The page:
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Unmanned: Why Culture Is Suddenly Obsessed With Drones

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A sense of anxiety about drones becoming autonomous forces in the fight against terror—fertile and powerful organisms rather than worker bees—is present in Good Kill and Grounded, even if it’s secondary to the concerns about how drone wars are affecting the Americans being asked to fight them. But it’s fully explored in Muse’s Drones, which sees drones not as a reality so much as a metaphor.


The album tackles issues of agency and independence and coercion within relationships as much as it acknowledges warfare and an imagined totalitarian force that needs to be overcome, but the image of unmanned robots wielding power from the sky is always present. Muse’s Matt Bellamy told Rolling Stone that he came up with the idea for the album after reading Brian Glyn Williams’ Predators: The CIA’s Drone War on Al Qaeda. “I didn’t know how prolific drone usage has been,” Bellamy said. “I always perceived Obama as an all-around likable guy. But most mornings he wakes up, has breakfast, and then goes down to the war room and makes what they call ‘kill decisions.’”



The album sweeps between lyrics about killing and dictating orders and rejecting hope. “Your mind is just a program/ And I’m a virus, I’m changing the station,” Bellamy sings in “Psycho.” “And I’ll improve your thresholds, I’ll turn you into a super drone/ And you will kill, on my command/ And I won’t be responsible.” The song, a bass-heavy, soaring act of aggression, was released in March as a single, with an accompanying lyric video featuring a drill sergeant barking orders, and a recruit screaming, “Aye sir,” in response. “I’m gonna make you/ A fucking psycho,” the chorus goes. “Your ass belongs to me now.” Later, the song “Mercy” references a “puppeteer,” and “men in cloaks” who operate the “ghosts and shadows the world just disavows,” while “Reapers” disavows subtlety altogether to draw parallels between shady government forces and a cruel lover.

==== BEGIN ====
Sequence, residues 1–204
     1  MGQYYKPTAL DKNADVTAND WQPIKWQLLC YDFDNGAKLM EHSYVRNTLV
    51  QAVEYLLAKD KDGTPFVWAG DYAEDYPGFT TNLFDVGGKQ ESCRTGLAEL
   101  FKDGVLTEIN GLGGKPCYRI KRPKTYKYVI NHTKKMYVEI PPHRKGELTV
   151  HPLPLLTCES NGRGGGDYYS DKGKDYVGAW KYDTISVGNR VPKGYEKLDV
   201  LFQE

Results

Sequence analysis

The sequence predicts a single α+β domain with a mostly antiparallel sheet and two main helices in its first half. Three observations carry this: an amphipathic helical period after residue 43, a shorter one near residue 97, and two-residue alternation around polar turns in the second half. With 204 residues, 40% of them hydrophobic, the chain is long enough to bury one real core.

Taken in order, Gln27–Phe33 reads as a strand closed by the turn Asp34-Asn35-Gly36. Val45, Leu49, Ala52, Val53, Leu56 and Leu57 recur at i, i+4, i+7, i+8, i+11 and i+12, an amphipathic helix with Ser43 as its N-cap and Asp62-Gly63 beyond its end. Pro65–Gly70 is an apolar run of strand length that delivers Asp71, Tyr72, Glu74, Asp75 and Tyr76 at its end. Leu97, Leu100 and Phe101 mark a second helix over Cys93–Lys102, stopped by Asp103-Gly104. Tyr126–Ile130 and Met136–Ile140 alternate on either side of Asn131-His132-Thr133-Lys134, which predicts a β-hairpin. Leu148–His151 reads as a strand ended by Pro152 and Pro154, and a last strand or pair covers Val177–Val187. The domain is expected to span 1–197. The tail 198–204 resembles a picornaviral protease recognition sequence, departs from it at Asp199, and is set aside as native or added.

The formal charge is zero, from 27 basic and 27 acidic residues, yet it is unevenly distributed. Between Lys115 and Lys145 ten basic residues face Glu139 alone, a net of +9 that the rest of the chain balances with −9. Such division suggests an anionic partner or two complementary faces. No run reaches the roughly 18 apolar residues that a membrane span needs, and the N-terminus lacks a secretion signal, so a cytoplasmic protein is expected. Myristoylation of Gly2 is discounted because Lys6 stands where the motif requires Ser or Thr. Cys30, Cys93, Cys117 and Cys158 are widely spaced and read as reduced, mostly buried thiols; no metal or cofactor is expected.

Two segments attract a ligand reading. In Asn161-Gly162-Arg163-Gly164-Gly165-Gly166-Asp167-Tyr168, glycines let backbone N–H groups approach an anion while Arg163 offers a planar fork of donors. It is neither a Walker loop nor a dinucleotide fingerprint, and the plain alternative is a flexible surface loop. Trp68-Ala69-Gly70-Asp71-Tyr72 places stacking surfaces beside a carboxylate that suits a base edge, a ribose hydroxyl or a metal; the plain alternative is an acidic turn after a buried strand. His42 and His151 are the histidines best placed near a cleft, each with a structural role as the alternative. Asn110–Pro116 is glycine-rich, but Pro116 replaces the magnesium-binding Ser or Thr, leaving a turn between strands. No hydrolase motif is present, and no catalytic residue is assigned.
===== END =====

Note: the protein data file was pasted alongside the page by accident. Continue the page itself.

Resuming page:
You rule with lies and deceit

And the world is on your side

You’ve got the CIA babe

And all you’ve done is brutalize


War, war just moved up a gear

I don’t think I can handle the truth

I’m just a pawn

And we’re all expendable

Incidentally, electronically erased, by your



Killed by



As a work of art, Drones is less about overtly exploring the consequences of drone warfare than it is about making heavy-handed use of drone imagery to express feelings of isolation and rage. But it does tap into the anxiety expressed in other works about the long-term consequences of giving so much power to machines.



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